J Allard — Corporate Vice Presient, Microsoft
Empowerment to the next level, Allard is a PR guy who really loves clichés that push the envelope. Luckily, he seems to be grounded in what makes games good as he has said many times that graphics are a single component and not necessarily important. He also frequently says he wants to expand the market, mirroring Nintendo’s stated goal. Because dirt on Allard was significantly harder to find than on Harrison, some of the quote categories have been left out and I even added a new one: Inspirational.
(For an explanation of what this article is, please read this.)
Some people say the Xbox 360 looks the same as other systems. That it is just more of the same, just more powerful than the other systems. That it’s just more graphics, more polygons, more, more, more. What will it do that is different?
And if you go too far, and you try to change the category altogether and we give you a wacky controller, or I’m going to give you wacky games that you don’t really understand, and we’re going to market it or price it in a wacky way, I think we would have been very much a failure.
[No where near Harrison catty, but still a not very convincing attack against competitors.]
Why did Microsoft Game Studios hold on to games like, oh, Blinx 2, but let go of highly-anticipated titles like Psychonauts, True Fantasy Live Online, and others?
(shifts in his seat) There’s always, you know, a lot of reasons that go into those kinds of decisions. The good news is, uh, that often when you make a business decision like that the creative can go on. Take an example of Oddworld. The second Oddworld in this generation wasn’t published by us, but was published by EA. It’s a lot of fun on Xbox. I was playing it just before I came down to the conference, great game. The important thing is the great creators are on Xbox, and we keep supporting them, and as a platform guy, first-party, third-party, whatever. Great creators, if you’re not on my platform, tell me why, tell me why, I’ll go fix it, OK I fixed it! Come on over. That’s my program, dude!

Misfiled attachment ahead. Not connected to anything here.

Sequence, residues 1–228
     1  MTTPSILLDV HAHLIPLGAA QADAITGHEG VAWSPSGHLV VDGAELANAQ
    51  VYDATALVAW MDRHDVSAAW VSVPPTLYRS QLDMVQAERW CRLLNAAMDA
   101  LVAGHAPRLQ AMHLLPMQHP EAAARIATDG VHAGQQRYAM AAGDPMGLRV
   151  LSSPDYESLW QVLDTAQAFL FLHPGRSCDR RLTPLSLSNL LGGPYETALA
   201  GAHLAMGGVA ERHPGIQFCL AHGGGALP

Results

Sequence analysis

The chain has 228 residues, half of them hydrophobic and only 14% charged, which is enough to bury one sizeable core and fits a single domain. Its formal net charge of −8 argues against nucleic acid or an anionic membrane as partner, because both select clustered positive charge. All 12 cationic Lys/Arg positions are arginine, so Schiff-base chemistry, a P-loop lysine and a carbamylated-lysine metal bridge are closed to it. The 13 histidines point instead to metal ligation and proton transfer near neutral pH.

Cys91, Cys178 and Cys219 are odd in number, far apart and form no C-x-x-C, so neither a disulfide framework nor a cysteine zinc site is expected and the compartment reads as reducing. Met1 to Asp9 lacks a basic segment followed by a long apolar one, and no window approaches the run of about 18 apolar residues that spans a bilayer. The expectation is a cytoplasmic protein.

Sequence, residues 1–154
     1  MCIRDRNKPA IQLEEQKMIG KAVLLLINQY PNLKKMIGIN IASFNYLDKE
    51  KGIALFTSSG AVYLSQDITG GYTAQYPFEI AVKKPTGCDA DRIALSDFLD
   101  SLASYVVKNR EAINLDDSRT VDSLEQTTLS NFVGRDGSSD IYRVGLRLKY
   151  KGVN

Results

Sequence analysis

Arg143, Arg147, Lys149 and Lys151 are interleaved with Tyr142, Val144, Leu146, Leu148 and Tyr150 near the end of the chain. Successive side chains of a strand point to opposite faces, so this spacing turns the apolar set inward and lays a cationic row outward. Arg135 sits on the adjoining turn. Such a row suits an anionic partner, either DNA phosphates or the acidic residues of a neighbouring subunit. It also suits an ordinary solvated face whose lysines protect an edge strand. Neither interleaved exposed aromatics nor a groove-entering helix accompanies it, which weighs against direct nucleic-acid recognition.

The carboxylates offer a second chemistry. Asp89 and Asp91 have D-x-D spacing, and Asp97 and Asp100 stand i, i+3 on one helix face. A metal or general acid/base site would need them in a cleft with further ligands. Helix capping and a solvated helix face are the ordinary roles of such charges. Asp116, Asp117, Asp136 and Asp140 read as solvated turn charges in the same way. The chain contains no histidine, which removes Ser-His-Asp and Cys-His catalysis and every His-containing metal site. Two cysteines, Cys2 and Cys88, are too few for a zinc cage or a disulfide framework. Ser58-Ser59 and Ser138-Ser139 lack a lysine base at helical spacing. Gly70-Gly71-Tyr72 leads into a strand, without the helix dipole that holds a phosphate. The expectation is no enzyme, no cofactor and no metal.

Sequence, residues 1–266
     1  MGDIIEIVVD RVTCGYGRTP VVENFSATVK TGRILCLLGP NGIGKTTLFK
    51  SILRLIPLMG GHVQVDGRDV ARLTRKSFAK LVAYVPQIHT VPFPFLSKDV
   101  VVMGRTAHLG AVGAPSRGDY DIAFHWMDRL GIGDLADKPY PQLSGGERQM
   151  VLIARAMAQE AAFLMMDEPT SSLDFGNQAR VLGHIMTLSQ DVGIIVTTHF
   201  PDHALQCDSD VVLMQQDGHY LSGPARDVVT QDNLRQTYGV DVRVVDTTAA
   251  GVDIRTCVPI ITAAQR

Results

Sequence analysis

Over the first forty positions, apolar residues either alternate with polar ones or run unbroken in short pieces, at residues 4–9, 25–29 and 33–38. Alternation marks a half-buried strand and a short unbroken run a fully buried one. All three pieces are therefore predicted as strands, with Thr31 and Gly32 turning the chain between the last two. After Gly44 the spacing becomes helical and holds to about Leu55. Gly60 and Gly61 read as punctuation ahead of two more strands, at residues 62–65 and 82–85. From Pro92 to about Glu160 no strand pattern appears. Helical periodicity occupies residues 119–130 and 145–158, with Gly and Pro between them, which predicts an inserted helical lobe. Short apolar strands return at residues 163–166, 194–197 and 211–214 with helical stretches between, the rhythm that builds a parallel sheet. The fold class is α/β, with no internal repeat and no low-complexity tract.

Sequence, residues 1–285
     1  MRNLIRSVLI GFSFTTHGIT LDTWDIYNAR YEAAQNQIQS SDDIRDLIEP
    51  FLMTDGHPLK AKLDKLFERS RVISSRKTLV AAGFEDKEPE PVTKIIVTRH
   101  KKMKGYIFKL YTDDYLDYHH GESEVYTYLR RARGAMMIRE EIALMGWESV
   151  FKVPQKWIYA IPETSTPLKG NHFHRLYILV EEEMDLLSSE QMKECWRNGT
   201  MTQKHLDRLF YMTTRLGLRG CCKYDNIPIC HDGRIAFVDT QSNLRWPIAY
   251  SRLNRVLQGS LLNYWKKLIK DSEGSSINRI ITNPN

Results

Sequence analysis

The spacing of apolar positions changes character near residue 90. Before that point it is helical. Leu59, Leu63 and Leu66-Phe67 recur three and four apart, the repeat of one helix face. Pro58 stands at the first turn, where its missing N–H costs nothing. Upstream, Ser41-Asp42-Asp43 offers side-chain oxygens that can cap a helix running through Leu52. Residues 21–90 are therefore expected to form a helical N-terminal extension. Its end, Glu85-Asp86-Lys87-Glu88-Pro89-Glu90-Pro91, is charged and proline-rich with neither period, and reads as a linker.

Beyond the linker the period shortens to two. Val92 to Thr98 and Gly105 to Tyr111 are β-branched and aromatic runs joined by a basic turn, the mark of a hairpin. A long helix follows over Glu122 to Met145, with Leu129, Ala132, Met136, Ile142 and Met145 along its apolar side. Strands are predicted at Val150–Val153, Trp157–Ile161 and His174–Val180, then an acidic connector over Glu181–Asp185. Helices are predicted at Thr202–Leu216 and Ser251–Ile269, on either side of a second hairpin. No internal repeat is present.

[But if Majesco hadn’t picked up Psychonauts the game may have never come out. Why not just admit that for all of your pro-gaming talk you ultimately must bow to the dollar?]
Nintendo VP, Reggie Fils-Aime, mentioned to us the other day that…
…to paraphrase, “Microsoft is losing a shitload of money with each unit they sell,” and suggested that this factor is precipitating your advance into the next-gen launch. What would you say in response to this?
Nahhh, it’s the right time. HD era is here. We’ve got big ideas. Hardware advancements, software advancements, service advancements. The vision of the game creators. Go talk to the game creators. I think now is absolutely the right time. I think we are gonna time this next-generation absolutely perfectly. I’m basing my timing based on what the game creative community has said, and what the gaming community has said. You know the gaming community finishes up watching the high-def Super Bowl, pops on their PS2, pops on their Xbox, and they’re like “Huh…I’m ready for the next level. Where you gonna take me guys? Where you gonna take me?”